We were under the gun to replace a manager who left suddenly. So, we promoted her assistant. That’s not working out as well as we had hoped. But we want to give her a chance before we look for someone else. What do you suggest?
In his 1988 hit movie “Big,” Tom Hanks portrays a 12-year-old boy who asks a mechanical swami at a carnival to grant his wish to be grown up. Instantly, his wish is fulfilled and he finds himself as a little kid trapped in the body of a grown man. The trouble is, he has skipped several natural development stages and misses, what one Washington Post reviewer called, “the coded social language of adults.” The disconnect makes for good comedy.
However, in the real world, skipping development steps isn’t always a laughing matter. As difficult as it is to go from being 12 to 28, it is equally hard to go from being an individual contributor to being a good manager without understanding that their behavior – the way they interact with others- needs to change. Often, those who are promoted too quickly don’t know what they don’t know.
Most organizations promote productive employees into managerial positions based on their technical competence. Very often, however, many fail to grasp how their roles have changed; that their jobs are no longer about personal achievement but instead about enabling others to achieve; that sometimes driving the bus means taking a backseat: and that building a team is often more important than making a sale.
Using the analogy of an orchestra, a new manager must move from being a talented violinist who concentrates on playing his or her instrument skillfully to being a conductor who coordinates the efforts of all the musicians. Even the best new managers can have trouble adjusting to these new realities
Here are four tips for coaching those promoted too fast.
Don’t Expect Instant Results.
Change can take longer than expected because the new manager usually needs to become aware of how specific behavior is hindering his/her performance in the new role before being willing to change.
Set Expectations Upfront.
Especially in terms of the length of time and commitment required to accomplish tasks that require working with team members. Highly skilled individual contributors are accustomed to achieving their goals rapidly and are not as comfortable taking a long time to get results.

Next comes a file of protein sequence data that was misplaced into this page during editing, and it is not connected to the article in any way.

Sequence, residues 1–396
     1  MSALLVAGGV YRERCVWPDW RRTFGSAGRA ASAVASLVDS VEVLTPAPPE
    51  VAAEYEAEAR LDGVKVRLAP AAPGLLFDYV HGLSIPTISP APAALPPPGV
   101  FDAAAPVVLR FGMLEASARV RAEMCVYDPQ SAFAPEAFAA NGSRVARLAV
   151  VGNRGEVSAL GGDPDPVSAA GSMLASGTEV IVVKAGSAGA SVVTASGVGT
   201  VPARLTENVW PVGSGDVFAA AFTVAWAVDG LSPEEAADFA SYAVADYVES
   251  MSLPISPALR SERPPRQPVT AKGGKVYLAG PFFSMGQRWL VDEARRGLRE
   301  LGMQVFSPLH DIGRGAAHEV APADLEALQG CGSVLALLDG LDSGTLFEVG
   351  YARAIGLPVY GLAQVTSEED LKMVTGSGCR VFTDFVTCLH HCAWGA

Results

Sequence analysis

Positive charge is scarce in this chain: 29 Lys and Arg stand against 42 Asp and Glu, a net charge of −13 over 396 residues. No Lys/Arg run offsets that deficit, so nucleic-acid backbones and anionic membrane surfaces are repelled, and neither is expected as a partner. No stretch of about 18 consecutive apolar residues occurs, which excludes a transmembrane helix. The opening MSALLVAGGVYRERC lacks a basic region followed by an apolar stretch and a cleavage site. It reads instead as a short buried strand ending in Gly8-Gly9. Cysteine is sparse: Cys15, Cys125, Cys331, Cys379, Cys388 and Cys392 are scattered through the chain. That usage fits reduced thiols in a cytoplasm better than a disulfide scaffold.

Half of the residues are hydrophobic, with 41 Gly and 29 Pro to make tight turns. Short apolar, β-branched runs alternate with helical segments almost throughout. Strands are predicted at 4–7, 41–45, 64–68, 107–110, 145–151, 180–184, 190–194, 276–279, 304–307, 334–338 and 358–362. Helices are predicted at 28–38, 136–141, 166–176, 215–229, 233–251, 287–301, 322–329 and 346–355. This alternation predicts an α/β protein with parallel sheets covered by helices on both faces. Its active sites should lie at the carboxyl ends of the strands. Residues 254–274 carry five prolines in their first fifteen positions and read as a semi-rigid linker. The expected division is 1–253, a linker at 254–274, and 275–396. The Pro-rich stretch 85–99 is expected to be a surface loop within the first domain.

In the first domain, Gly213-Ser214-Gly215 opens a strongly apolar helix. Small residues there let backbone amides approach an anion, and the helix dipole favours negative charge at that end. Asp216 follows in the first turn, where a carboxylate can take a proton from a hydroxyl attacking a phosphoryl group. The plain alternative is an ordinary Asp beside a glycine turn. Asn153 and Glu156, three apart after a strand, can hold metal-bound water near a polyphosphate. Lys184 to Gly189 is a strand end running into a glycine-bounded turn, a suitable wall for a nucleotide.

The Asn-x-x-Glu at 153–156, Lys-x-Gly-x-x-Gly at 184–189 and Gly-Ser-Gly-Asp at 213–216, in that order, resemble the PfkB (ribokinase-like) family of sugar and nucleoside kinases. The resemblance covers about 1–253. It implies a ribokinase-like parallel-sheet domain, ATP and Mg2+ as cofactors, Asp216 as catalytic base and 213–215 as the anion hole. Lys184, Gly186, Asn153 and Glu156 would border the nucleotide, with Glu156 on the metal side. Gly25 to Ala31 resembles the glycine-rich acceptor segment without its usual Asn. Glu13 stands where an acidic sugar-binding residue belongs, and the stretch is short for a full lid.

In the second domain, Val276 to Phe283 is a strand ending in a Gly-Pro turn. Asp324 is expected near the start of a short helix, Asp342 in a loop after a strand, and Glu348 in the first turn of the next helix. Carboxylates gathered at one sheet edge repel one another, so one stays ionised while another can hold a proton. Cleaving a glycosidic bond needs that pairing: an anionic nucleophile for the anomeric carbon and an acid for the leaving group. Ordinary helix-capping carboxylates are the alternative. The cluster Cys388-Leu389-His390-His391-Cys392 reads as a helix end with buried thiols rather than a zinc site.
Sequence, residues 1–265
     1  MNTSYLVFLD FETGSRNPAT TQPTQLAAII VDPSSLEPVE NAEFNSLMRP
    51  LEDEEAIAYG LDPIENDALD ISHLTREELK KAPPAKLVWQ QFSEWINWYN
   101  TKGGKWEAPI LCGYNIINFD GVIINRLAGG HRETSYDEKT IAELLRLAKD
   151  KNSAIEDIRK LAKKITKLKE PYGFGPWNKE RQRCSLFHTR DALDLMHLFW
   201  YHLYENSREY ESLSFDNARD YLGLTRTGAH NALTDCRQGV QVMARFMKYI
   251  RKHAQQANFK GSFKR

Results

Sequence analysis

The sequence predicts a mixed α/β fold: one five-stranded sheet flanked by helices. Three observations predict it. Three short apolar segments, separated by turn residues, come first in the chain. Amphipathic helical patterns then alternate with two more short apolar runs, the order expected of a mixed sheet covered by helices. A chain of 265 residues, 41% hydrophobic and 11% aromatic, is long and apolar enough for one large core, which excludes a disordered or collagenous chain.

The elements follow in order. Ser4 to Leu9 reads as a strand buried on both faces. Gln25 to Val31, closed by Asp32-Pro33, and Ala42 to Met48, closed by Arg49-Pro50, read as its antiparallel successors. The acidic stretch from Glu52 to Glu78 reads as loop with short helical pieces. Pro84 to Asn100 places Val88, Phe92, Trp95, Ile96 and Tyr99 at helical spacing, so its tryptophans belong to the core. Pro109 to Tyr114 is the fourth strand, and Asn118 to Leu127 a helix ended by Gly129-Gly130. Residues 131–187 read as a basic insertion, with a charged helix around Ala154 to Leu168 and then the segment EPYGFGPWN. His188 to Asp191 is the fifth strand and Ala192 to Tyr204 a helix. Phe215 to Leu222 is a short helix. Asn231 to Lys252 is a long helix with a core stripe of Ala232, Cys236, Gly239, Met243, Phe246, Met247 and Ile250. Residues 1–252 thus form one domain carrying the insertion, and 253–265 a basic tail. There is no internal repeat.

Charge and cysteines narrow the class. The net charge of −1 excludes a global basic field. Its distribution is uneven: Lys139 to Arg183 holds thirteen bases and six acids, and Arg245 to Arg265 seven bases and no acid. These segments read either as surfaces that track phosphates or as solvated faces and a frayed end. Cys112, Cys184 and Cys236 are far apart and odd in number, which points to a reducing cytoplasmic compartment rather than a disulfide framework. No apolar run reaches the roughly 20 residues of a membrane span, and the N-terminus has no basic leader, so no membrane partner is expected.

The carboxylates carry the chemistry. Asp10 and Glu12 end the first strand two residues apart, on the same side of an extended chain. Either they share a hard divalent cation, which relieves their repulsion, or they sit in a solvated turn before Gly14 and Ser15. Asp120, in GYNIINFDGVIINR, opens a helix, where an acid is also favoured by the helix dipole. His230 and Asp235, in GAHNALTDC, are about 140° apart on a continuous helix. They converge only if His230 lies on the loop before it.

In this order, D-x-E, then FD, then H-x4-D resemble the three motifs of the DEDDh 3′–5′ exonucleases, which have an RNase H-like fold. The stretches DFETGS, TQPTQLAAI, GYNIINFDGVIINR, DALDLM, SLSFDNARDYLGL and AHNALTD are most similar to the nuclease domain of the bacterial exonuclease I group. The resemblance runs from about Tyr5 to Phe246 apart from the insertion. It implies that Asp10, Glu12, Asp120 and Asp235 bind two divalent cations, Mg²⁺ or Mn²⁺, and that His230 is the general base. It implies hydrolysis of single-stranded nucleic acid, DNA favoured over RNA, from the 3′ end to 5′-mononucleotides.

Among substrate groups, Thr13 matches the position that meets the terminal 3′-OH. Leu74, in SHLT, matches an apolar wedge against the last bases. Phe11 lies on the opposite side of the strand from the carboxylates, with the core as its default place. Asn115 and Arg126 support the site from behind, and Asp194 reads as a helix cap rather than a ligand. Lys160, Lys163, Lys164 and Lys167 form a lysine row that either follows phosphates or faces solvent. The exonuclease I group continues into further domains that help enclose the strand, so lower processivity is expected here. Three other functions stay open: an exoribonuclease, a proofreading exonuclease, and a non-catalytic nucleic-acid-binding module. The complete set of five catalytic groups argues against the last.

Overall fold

Initially Concentrate on Easier to Achieve Results.
Focus on a handful of behavioral changes that will be the easiest to get results from and that will most quickly close the development gap. This will build the confidence of the client, his/her manager, and the organization. It is important to show some early successes so that everyone can see the initial results of coaching.
Focus on And Magnify Strengths.
It is easy to identify weaknesses but it is essential to quickly identify what the performer does well. Equally important, the person needs to understand how to best use these strengths in his/her new role. What often gets a person into trouble is not the strengths themselves, but either overusing them or relying solely on them without developing other compensating
Smart Moves Tip:
What it takes to succeed as a new manager is a matter of learning new ways of working and most importantly letting go of old ones – even if they have driven her career success up until now. New managers must also find new ways of deriving personal and career satisfaction from their work and measuring their success. This is a critical mental switch that effective managers must make. Also see Letting Go is Hard to Do but Necessary and Five Cardinal Rules of Effective Leadership.
What has been your experience as a new manager or supervising new managers? What were some lessons learned?
What’s Your Specific Challenge?
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